Criminalizing HIV

Well-intentioned legislation is paving the road to stigmatization and discrimination in Africa
by Staff, Utne Reader
January-February 2012
Add to My MSN

Image by Flickr user: hdptcar / Creative Commons


Content Tools

Related Content

Where are the Women Comedy Writers?

Chloe Angyal reflects on the dearth of women writers in late-night television comedy....

Companies that Promote Women Make More Profits

Promoting more women in the workplace isn’t just equitable, it’s profitable....

Alt Wire Guest Blogger Regan Hofmann of POZ

Alt Wire is a morning digest of links and information collected and explained by a different guest b...

Infectious Ideas: An Epidemiological Approach to Religion

Social scientists find it helpful to think of ideas and religions spreading like infectious diseases...

In Burundi, a willful transmitter of HIV can be tried for murder. In Benin, failure to disclose one’s health status to a sexual partner, regardless of whether a virus is actually transmitted, is illegal. In Togo, it’s unlawful for anyone—regardless of HIV status—to have sex without a condom.

These laws, which are increasingly common in Africa, are intended to stem the spread of HIV, writes social justice blogger Julie Turkewitz in The Indypendent (Aug. 1–30, 2011), but the legislation has the opposite effect—it further stigmatizes carriers and discourages testing. This sort of social engineering also violates human rights, writes Turkewitz: “In countries where HIV-positive status can subject a person to social isolation, exile, physical abuse, or death, this provision has dangerous implications.” It’s particularly perilous for disempowered women, who cannot always insist on condom use, are too often the victims of rape, and could be thrown out of their home for having HIV.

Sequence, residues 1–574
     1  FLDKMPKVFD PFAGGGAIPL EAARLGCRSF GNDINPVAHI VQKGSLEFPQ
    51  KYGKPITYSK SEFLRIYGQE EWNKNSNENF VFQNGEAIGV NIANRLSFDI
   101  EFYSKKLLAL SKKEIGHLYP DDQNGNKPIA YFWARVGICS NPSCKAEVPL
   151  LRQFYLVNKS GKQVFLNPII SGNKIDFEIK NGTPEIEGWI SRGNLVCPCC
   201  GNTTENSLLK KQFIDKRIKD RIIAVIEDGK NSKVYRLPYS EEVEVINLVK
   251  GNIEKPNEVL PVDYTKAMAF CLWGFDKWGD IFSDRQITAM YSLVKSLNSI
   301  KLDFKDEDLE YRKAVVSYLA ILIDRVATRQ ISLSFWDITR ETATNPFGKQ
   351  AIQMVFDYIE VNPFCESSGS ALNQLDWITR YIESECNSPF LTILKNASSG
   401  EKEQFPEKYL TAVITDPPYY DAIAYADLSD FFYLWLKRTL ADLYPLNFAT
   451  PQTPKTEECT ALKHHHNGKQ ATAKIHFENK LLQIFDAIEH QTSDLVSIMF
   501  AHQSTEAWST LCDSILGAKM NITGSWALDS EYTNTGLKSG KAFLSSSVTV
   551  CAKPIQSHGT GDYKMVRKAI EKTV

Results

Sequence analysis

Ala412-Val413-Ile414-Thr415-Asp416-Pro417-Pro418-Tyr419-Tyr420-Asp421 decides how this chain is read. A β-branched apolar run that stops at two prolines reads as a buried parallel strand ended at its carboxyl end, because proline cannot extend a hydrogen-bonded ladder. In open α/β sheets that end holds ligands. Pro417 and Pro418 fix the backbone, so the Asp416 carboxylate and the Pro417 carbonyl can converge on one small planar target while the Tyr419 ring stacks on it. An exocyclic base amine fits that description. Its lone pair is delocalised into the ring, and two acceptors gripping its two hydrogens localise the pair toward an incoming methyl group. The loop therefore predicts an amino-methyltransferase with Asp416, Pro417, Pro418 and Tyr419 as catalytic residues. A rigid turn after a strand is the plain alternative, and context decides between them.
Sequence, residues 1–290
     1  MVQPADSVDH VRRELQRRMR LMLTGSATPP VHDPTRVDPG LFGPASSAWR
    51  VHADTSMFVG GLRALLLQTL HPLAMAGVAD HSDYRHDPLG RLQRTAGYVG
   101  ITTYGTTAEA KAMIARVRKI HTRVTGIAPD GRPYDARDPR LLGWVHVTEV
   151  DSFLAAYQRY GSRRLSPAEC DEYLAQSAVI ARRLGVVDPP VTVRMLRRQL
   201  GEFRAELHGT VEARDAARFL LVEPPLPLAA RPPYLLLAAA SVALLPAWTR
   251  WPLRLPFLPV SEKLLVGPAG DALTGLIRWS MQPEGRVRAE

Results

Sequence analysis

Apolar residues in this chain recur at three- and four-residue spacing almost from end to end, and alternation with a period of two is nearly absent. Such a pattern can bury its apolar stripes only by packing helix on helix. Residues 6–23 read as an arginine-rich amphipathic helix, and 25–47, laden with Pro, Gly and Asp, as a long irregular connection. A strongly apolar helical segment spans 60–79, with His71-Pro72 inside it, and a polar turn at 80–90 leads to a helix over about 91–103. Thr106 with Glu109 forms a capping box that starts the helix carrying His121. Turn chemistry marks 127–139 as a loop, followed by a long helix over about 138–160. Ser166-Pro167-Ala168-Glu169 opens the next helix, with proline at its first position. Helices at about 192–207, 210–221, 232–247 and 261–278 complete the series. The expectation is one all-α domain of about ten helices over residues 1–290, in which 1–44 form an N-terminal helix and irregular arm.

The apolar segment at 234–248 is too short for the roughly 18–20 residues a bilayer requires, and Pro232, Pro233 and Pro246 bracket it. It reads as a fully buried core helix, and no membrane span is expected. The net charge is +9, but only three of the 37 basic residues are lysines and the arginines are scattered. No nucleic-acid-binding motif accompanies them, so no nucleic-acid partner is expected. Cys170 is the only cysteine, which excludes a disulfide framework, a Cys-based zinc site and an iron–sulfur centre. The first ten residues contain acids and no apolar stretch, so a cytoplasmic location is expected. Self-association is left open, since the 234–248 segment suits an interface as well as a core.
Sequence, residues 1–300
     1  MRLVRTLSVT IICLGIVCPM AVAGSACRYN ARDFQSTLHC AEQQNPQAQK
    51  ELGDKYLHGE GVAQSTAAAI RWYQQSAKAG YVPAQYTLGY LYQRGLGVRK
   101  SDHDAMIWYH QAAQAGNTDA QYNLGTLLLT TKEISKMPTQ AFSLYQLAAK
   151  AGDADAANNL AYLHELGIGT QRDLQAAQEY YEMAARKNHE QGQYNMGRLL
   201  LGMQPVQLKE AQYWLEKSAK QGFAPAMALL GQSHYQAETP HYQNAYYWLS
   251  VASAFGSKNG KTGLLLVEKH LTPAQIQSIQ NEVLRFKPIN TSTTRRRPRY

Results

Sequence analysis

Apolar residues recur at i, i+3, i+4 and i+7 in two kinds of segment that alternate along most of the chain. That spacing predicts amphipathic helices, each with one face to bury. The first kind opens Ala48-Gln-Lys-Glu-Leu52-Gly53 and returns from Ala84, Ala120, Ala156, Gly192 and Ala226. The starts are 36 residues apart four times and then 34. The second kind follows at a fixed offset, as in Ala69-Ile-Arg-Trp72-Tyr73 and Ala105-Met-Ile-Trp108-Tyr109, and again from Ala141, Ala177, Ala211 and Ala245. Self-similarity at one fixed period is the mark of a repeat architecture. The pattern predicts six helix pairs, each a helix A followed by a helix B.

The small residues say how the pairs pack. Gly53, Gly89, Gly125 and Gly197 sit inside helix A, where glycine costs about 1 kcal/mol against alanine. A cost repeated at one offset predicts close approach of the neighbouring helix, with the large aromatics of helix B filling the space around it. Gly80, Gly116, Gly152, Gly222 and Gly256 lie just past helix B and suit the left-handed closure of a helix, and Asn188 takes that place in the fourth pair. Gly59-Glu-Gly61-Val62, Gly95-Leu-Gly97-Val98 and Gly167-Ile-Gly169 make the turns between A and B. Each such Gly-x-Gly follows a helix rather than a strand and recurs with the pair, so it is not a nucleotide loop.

Africa’s HIV criminalization laws can be traced back to a three-day summit held in 2004 by the U.S.-based charity FHI 360 (formerly Family Health International), after which 14 nations adopted the counter­productive laws. The U.S. Agency for International Development (USAID), which originally tasked the charity with creating a program to reduce Africa’s HIV/AIDS pandemic, today condemns the knee-jerk laws. “Stigma and discrimination are really a driver of this epidemic,” says USAID official Robert Clay. “We need to make sure that we don’t have those types of laws on the books.”

Cover-169-thumb.jpgHave something to say? Send a letter to editor@utne.com. This article first appeared in the January-February 2012 issue of Utne Reader.








Post a comment below.

 








Pay Now & Save $5!
First Name: *
Last Name: *
Address: *
City: *
State/Province: *
Zip/Postal Code:*
Country:
Email:*
(* indicates a required item)
Canadian subs: 1 year, (includes postage & GST). Foreign subs: 1 year, . U.S. funds.
Canadian Subscribers - Click Here
Non US and Canadian Subscribers - Click Here

Want to gain a fresh perspective? Read stories that matter? Feel optimistic about the future? It's all here! Utne Reader offers provocative writing from diverse perspectives, insightful analysis of art and media, down-to-earth news and in-depth coverage of eye-opening issues that affect your life.

Save Even More Money By Paying NOW!

Pay now with a credit card and take advantage of our earth-friendly automatic renewal savings plan. You save an additional $5 and get 4 issues of Utne Reader for only $31.00 (USA only).

Or Bill Me Later and pay just $36 for 4 issues of Utne Reader!